“This is the moment I’ve been waiting my whole life for,” says Tananarive Due, a writer and academic specialising in Black Horror and Afrofuturism at UCLA, who was the executive producer of 2019 documentary Horror Noire: A History of Black Horror. “What a thrill it is to have more than one movie a year that centres around black people in a horror story. As a black horror fan, it’s been a long road to find the kind of representation that is empowering.” (Due was also cited in The Hollywood Reporter.)

“Reservation Dogs” centers on Indigenous teens | Guardian (U.K.)

According to UCLA’s 2020 Hollywood Diversity Report, Indigenous actors remained “virtually absent” as leads in all television shows from the 2018–2019 season; they held just 1.8% of all roles on broadcast series, and 0.2% on cable series during the 2018–2019 season. It’s just as bad behind the camera: 1.1% of working TV staff-writers during the same period were Indigenous, and only 0.8% of employed screenwriters.

Businesses continue to flee California | Southern California News Group

The rate of businesses relocating their company headquarters out of California is accelerating, according to a new report from the Stanford University-based Hoover Institution… The report, written by Joseph Vranich, president of Spectrum Location Solutions and Lee Ohanian, a professor of economics at UCLA, notes that company headquarter relocations out of state are happening at twice their usual rate so far this year.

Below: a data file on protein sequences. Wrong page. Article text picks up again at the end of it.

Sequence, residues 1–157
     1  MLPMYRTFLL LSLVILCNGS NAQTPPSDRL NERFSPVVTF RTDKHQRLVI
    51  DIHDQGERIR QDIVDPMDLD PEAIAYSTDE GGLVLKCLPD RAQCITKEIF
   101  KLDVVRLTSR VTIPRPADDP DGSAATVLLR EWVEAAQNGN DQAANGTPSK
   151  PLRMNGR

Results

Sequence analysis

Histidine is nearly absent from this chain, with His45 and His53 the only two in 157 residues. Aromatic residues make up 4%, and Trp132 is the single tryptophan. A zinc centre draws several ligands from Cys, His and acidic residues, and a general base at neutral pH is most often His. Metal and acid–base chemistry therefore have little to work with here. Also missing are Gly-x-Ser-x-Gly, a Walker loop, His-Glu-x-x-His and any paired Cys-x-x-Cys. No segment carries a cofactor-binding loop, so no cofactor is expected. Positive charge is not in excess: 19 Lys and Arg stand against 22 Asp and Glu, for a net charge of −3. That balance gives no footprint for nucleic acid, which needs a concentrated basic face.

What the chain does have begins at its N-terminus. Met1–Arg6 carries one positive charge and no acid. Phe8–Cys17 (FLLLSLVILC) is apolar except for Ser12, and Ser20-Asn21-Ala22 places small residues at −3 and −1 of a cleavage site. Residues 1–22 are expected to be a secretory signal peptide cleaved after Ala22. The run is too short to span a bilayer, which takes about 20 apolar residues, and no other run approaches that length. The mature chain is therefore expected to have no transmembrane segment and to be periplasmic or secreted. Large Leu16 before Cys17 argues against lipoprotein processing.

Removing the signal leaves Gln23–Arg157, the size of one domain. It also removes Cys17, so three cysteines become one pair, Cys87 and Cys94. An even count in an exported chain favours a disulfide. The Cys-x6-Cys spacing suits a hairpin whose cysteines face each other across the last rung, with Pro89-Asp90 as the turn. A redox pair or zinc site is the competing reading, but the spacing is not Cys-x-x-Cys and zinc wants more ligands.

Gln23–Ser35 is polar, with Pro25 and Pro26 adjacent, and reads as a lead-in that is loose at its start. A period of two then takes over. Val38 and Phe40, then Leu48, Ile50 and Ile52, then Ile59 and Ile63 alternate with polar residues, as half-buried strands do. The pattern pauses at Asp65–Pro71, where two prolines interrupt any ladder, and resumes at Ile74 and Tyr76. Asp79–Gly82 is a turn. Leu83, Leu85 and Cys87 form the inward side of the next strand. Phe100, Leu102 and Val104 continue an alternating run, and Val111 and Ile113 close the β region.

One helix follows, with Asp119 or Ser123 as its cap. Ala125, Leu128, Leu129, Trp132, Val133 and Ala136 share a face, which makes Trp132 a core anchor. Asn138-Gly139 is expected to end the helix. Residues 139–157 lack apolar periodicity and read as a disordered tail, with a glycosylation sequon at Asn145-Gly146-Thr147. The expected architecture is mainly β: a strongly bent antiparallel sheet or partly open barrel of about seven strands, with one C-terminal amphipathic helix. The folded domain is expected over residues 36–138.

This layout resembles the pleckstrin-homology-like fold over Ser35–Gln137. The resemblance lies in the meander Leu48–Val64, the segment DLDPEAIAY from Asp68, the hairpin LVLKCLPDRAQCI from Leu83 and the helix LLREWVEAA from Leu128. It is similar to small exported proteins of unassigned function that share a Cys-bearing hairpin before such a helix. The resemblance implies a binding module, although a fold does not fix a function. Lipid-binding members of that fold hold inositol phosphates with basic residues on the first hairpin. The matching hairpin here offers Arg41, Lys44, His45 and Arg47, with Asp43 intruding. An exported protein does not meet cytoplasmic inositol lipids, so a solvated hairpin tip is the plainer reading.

Will the Moderna HIV vaccine trials succeed?  | Paper

Dr. Otto Yang, a professor of infectious diseases at the David Geffen School of Medicine at UCLA, speculated that the likelihood of the Moderna trials succeeding were “very low.” He explained that for the most part, successful vaccines mimic the natural immunity which can happen if a person is infected with a virus.

Free parking is killing cities | Bloomberg Businessweek

This wry octogenarian [Donald Shoup] is a distinguished research professor in the department of urban planning at the University of California at Los Angeles. He wrote … “The High Cost of Free Parking,” which came out in 2005 and outlines his case against America’s decision to hand over an astonishing amount of free land to cars. Among urban planners, academics, economists, civil servants, and even some regular old city dwellers, the book stands as the most salient argument for renegotiating our toxic relationships with our vehicles. (Shoup was quoted.)

Manned mission to Mars is possible | Gizmodo

Another key finding of the study has to do with the thickness of the spacecraft’s protective shielding. The researchers found that thick shielding would protect the crew — but only to a point … Aluminum shielding at the designated optimal thickness would expose astronauts to 0.5 Sieverts during missions lasting 1.9 years, while the maximum allowable career dose for astronauts of 1 Sieverts would be accumulated after a flight lasting 3.8 years, according to the study, co-authored by Yuri Shprits, a geophysicist at UCLA.

World’s largest wildlife bridge could save mountain lions | Scientific American

John Benson … then a wildlife ecologist with the La Kretz Center for California Conservation Science at the University of California, Los Angeles … viewed what happened with the panthers as a cautionary tale for the mountain lions.